It was a night of glitz and glamor, a night full of hope for the future of the country, stability in the monarchy and possibilities to come. The wedding was one of the biggest celebrations the region had seen in decades — and, internationally, perhaps second only to that other royal wedding.
Above all, it was a night to celebrate love and everything that folklore has told us to expect of a Thursday night, because across the Arab world, Thursday has become the day of weddings.
When exactly Thursday became associated with marriages, engagements and all things romance remains a mystery, but because of this association, the phrase “laylat al-khamees” (Arabic for Thursday night) has become a folklore code for a wedding night and a date for distant lovers to get together, whether in a fairy-tale wedding like the Jordanian heirs’ or a traditional wedding in rural Egypt. The date was almost always a Thursday, although this has become less consistent in recent years for various reasons.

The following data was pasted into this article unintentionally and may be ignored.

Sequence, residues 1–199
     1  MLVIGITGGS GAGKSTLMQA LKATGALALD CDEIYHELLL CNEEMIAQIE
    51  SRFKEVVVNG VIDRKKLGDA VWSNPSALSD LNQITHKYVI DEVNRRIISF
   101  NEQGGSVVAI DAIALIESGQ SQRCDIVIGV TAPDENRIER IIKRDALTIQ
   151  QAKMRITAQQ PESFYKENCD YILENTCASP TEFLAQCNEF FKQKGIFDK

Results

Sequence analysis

But why does Thursday persist as the special day, especially at a time when everything that is needed for a wedding is difficult to source and organize? Vendors raise their prices. Venues are booked out months and sometimes even years in advance. Hair stylists aren’t just double-booked but quadruple-booked and may not show up in time to help a bride get ready. And the roads are so busy with celebrations that traffic is at a standstill. Despite this, the love of Thursdays remains surprisingly strong. Perhaps, as the night before Friday, traditionally a blessed day in Islam, it’s still widely perceived as the beginning of the weekend in the region. Whatever the reason, the day continues to hold a special place in the hearts of millions, and the streets come to life.